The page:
Note on didactics
Didactics emphasize the development of fundamental skills of diagnostic interviewing, case formulation, and psychotherapeutic intervention through active exercises with patients, observation of faculty and peers, and repeated critiques of interactions with patients. Three clinically-based streams of core teaching focus upon the psychiatric interview and formulation; psychodynamic principles in intervention and treatment; and evidence-based psychotherapies based upon behavioral and, especially, cognitive-behavioral methods.
Core knowledge and critical thinking skills are addressed in the major seminars labeled “Introduction to Clinical Psychiatry,” “Psychopathology,” and “Clinical Neurosciences,” where key material is usually encountered more than once, but never in exactly the same way. In many instances, for example, material that has been presented to the resident at the PGY-1 or PGY-2 level will later be presented by the same residents when they reach the PGY-3 and PGY-4 level. Learning by teaching is not only a sound pedagogical tool but a key skill for promoting communication and leadership in team and multidisciplinary environments.
A third feature of our didactic sequence is the liberal use of online and instructional materials collated from existing media. For example, when residents first encounter psychiatric patients as PGY-1’s, they attend a traditional seminar series (i.e., “Introduction to Clinical Psychiatry”) covering major subject areas relevant to their work, but at the same time will be expected to listen repeatedly to a series of core lectures, called the “crash course,” that they will be able to carry on a flash drive and listen to at any time. The intent is to create a user-friendly environment within which residents can immerse themselves in the new subject matter, much as one might do when learning a new language.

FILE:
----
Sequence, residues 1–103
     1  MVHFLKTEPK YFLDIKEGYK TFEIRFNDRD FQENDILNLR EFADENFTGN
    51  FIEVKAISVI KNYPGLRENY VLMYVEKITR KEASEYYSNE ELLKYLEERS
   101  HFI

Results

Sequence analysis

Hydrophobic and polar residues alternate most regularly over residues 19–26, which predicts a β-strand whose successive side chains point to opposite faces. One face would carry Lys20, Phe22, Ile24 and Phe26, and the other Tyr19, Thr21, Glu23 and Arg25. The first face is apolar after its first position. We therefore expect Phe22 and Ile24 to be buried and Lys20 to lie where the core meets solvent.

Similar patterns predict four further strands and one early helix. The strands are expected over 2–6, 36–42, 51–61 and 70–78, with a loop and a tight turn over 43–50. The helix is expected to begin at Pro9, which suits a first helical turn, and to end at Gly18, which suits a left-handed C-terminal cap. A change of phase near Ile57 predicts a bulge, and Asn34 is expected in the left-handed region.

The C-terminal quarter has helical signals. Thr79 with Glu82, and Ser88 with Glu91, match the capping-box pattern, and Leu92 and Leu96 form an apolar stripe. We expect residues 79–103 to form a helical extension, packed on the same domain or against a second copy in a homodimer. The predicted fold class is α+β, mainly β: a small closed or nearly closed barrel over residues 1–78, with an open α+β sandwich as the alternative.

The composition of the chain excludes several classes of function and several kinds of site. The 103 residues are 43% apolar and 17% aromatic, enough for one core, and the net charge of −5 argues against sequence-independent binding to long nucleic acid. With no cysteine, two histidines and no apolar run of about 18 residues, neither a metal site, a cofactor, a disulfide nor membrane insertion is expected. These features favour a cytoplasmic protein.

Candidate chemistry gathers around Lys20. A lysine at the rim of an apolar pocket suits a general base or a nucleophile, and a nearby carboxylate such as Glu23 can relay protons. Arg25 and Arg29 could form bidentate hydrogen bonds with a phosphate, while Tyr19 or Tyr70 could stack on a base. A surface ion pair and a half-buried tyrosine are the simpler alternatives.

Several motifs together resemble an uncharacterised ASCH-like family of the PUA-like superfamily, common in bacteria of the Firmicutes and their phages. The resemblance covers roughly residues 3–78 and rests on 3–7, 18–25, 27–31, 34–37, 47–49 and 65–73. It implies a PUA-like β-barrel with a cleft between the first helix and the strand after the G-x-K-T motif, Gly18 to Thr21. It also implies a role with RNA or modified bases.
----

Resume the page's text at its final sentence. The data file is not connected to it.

Finally, some core subject matter, such as statistics and research design, is learned through a combination of online or media-based learning and individual tutorial instruction from a faculty member.
The following block diagram illustrates the organization of didactics over a four-year period. Courses described below are given on Wednesdays between 8am and 2pm unless designated as “rotation-based,” in which case they are scheduled at the clinical site in accordance with the schedule of activities there, or as “self-study/tutorial,” in which instance tutorial sessions are arranged individually.